Although the walls of the Percolator gallery will be lined with art and memorabilia from the grade schools of east Lawrence, the event highlighting these artifacts of innocence is far from child’s play. Save Our Schools, intentionally abbreviated to the distress signal S.O.S., is an exhibit intended to keep Cordley and New York schools from permanently closing their doors.
“As we understand it, the school board is saying $4 million in cuts have to be made for next year,” says Alee Phillips, member of Save Our Neighborhood Schools and S.O.S co-organizer, herself with two children attending Cordley, 1837 Vt. “We’re trying to think creatively and help them think creatively so those cuts can come from somewhere other than the closure of our schools. We believe strongly that can be done.”
Through interactive and multimedia pieces, the S.O.S show and opening reception will kick off a campaign that aims to start a conversation about the endangered bond between east Lawrence and its schools. “Our mission is to draw connections between community and neighborhood and schools and learning — that’s the most important thing we want to show in this exhibit,” says Lora Jost, a regular artist at the Percolator and mother of a Cordley student. “We’re showing pictures of neighborhoods alongside school assignments. There are pictures of our bodies and our children’s bodies interconnected next to information about the history of our schools. All of these things represent the parts of the whole thing — our neighborhoods and our schools are all combined and mixed together.”
The organizers of S.O.S. firmly believe the shuttering of Cordley and New York, 936 N.Y., would not only be a loss for the families who have invested so much in these schools, but a loss for Lawrence at large.
“I think saving our schools is important because of the fragility of these older neighborhoods,” says S.O.S. co-curator Paige Comparato, with two children at Cordley. “Without a common institution where these communities and families can gather and thrive, the neighborhoods will eventually deteriorate.”
It’s a concern about the future character of Lawrence these mothers think should be shared beyond the east side.
“This show is about showing the past and the present, but also about how we’ve invested in these communities for our future,” says Kristin Morland, S.O.S. co-organizer, whose two children attend New York. “It’s not just a celebration of the past, it’s to remind people that the community is not going to be here if we don’t put the work into investing in it. It’s going to be gone. We don’t want to see it thrown away just because of a budget crisis. This community is still really vital, and we want it to stay. Let’s find other ways to make the cuts that need to made. In 2003, three eastside schools were closed. The east side has already taken a big hit in school closures. We just can’t afford any more.”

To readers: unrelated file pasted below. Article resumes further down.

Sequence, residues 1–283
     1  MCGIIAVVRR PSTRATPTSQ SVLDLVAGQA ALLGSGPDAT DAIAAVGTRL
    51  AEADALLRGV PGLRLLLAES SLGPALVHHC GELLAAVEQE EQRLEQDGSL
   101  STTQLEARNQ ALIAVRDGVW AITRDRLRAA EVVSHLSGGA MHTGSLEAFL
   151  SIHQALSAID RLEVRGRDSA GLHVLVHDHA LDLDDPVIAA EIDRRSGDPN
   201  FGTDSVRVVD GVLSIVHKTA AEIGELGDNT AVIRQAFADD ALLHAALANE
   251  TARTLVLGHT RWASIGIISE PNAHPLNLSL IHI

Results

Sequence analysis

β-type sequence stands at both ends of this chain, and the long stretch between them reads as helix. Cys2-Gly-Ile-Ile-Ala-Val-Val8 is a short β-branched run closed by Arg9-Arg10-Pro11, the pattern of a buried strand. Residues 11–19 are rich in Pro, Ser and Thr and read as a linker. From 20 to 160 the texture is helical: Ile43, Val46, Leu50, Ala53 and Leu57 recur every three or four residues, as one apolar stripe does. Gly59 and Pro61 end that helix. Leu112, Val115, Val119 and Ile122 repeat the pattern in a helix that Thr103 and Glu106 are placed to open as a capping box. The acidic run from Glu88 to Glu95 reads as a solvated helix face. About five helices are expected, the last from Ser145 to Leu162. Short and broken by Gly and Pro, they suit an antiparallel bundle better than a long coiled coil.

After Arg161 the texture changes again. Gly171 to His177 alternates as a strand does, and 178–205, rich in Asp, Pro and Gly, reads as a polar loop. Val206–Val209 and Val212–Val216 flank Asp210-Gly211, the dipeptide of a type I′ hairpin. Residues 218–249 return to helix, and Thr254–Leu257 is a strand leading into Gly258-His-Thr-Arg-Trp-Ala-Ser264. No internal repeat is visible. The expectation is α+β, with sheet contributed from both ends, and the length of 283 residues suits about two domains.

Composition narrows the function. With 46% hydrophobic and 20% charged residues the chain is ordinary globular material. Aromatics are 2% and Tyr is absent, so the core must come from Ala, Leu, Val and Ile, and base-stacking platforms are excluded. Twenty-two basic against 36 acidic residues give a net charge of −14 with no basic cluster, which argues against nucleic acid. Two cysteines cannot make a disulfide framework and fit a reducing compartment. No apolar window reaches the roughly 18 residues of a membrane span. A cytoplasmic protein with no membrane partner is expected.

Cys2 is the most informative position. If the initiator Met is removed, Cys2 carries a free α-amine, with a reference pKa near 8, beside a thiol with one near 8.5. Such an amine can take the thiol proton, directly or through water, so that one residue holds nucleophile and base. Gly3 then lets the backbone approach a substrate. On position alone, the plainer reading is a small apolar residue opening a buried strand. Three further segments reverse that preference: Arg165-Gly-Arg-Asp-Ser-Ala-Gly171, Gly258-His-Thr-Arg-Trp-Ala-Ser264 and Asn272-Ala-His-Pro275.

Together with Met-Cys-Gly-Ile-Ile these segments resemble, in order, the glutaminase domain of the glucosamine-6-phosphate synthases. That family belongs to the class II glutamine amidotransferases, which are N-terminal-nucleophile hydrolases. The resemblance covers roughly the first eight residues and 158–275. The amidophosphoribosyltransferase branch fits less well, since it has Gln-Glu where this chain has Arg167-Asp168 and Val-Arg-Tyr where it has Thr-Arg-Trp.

In spring 2003, the final classes exited the doors of three elementary schools with long and proud traditions within the Lawrence community. Find out more about the Centennial, East Heights and Riverside schools.
The schools that closed in 2003 were Centennial School, 2145 La.; East Heights School, 1430 Haskell Ave., now an early childhood program center; and Riverside School, 601 N. Iowa.
Perhaps an art gathering, the thinking goes among these east-side activists, can achieve the sort of impact that three minutes at a microphone in front of a school board meeting can’t convey.
“It’s not just an opportunity to say what these schools mean to us, it’s an opportunity for school board members, legislators, movers and shakers and people from other parts of town to come and see what this is all about,” says Dave Loewenstein, famed Lawrence muralist and the Percolator point man for S.O.S. “I think it would be a tragedy if young kids didn’t have the opportunity to go to school on the east side. That’s sort of what we’re faced with now. That’s an incredible tragedy for many reasons. It would be a loss of the wealth of knowledge and history and creativity that this part of town is known for. These places are irreplaceable, in my estimation.”
While this will be a celebration of the schools and communities of east Lawrence, with everything from poetry readings to portraits of playing children, the festivities and their organizers will be driven by an underlying urgency.
“If your neighbor’s house is on fire, do you watch it burn? No. Well, we’re not going to watch this burn,” Loewenstein says. “We’re going to go in there, and even if it requires some risk, we’re going to save it.”